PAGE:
Walmart has opened a store in Levittown, N.Y. that is intended to showcase the power of artificial intelligence.
The store, announced last week, is packed with video cameras, digital screens, and over 100 servers, making it appear more like a corporate data center than a discount retailer.
All that machinery helps Walmart automatically track inventory so that it knows when toilet paper is running low or that milk needs restocking. The company’s goal is to create “a glimpse into the future of retail,” when computers rather than humans are expected to do a lot of retail’s grunt work.
Walmart’s push into artificial intelligence highlights how retailers are increasingly adding data crunching to their brick and mortar stores. But it also sheds light on some of the potential pitfalls as consumers grow increasing wary of technology amid an endless stream of privacy mishaps at companies like Facebook.
Walmart isn’t alone, of course, in trying to reinvent itself in an industry that is facing a huge threat from tech-savvy Amazon. Grocery chain Kroger, for instance, said earlier this year that it had tapped Microsoft to help it build two “connected experience” stores in which shoppers would, among other things, get personalized deals—possibly on their phones as they walk inside or on screens mounted on the shelves.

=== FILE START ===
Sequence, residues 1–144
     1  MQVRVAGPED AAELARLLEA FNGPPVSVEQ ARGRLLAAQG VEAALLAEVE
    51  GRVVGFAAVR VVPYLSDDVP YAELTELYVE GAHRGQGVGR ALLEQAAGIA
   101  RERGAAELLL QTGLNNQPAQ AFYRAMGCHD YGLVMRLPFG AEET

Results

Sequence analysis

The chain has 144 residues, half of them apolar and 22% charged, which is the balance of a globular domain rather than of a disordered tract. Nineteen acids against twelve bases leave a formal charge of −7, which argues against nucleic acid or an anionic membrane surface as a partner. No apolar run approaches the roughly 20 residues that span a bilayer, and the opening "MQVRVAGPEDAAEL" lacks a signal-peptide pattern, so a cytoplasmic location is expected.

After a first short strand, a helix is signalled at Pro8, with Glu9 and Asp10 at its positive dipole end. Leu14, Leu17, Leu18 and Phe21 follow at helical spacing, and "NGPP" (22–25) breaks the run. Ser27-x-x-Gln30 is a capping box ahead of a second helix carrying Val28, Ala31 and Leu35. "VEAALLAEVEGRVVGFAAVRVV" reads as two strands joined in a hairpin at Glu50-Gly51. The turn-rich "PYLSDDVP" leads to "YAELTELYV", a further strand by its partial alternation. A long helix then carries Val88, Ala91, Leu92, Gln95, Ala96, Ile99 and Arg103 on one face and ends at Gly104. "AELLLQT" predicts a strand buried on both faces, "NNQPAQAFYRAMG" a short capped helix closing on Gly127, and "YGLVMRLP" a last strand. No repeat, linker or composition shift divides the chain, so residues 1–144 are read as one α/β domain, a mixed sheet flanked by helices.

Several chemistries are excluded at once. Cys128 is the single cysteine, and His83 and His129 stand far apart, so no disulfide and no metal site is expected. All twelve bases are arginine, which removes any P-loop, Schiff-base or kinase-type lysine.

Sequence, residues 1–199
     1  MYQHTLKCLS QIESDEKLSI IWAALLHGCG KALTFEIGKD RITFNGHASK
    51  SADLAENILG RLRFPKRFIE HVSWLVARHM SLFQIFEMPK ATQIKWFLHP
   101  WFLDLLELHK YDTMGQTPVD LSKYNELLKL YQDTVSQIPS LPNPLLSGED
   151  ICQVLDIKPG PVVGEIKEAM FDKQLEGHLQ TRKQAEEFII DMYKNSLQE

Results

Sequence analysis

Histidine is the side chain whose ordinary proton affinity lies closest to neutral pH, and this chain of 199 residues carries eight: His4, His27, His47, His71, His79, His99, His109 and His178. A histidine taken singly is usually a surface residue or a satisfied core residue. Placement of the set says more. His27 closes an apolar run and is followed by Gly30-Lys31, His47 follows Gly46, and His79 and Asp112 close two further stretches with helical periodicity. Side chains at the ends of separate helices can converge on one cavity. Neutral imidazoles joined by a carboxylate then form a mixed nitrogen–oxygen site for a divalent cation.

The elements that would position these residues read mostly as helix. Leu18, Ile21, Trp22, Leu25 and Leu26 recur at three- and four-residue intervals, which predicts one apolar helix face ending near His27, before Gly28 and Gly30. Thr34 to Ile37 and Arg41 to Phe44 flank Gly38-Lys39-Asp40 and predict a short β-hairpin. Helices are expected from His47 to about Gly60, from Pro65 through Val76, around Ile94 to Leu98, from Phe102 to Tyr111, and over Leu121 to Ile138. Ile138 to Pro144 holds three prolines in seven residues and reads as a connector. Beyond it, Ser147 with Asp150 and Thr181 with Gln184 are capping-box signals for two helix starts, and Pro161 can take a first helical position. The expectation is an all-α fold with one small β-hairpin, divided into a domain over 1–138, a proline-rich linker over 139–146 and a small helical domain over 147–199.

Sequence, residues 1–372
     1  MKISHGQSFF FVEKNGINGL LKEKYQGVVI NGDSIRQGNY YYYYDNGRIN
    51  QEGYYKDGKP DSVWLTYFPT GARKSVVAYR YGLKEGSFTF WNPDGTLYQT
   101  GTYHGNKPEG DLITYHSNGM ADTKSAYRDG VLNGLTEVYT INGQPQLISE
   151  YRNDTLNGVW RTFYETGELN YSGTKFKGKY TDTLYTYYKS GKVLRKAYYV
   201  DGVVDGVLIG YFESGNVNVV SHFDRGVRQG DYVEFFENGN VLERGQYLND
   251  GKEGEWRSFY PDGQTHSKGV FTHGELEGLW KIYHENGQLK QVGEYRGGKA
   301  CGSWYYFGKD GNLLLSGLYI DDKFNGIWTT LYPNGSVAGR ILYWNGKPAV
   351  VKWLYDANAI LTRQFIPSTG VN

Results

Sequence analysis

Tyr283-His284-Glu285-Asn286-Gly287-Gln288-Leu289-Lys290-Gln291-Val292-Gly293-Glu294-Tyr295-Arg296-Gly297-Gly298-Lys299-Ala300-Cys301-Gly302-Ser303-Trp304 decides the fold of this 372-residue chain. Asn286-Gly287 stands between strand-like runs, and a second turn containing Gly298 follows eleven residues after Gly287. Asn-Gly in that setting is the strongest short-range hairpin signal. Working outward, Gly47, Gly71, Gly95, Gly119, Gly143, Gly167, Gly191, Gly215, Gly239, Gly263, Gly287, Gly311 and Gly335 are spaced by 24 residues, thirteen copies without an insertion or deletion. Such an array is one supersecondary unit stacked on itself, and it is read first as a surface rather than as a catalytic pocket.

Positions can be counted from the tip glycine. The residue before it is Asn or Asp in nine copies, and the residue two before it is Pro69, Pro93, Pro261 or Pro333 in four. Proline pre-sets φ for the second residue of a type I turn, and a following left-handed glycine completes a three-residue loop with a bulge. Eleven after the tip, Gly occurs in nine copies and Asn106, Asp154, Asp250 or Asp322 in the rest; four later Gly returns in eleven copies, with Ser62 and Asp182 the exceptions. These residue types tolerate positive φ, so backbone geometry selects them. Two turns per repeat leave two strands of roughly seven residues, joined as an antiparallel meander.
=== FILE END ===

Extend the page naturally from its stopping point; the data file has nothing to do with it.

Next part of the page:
Mark Russinovich, the chief technology officer of Microsoft Azure, told Fortune in a recent interview that such futuristic stores would need to handle their data crunching nearby, rather than doing it far away in the cloud—to avoid lag time. Equipping these Internet-connected stores could be a lucrative business for companies like Microsoft that want to sell computing power to retailers.
The vendors even have a name for this emerging market—edge computing. But there’s no guarantee that retailers will be saved by it because consumers may balk at cameras tracking their movements while they walk up and down the aisles and being bombarded by discount offers.
In apparent anticipation of the blowback, Walmart has filled its new store with kiosks that tell shoppers more about the technology it has installed. For retailers to be successful, consumers must feel comfortable about how their data is being used and with how they’re tracked.
Companies that pitch A.I. as the future shouldn’t just assume that customers will go along for the ride.
EYE ON A.I. NEWS
Facebook’s A.I. failure. Facebook said that its A.I. systems failed to detect a video by the New Zealand mosque shooter because the video was taken from a first-person point of view. But tech publication Motherboard fed some of the New Zealand shooting footage into Amazon’s image and video detection software and found that it was able to detect guns and weapons.
White House A.I. National Plan Version 2.0. Later this year, the White House will release an updated version of its national A.I. plan, reported policy news site FedScoop. The newer version will contain more recommendations to government agencies about A.I. policies.
Driver’s Ed needs an update. As more companies like Tesla debut autonomous-driving features, drivers should be trained to use them, said auto news site Jalopnik. The report details how airline pilot training evolved as the aviation industry introduced automation, and suggests the similar training is necessary for drivers so that they know how to safely use self-driving features.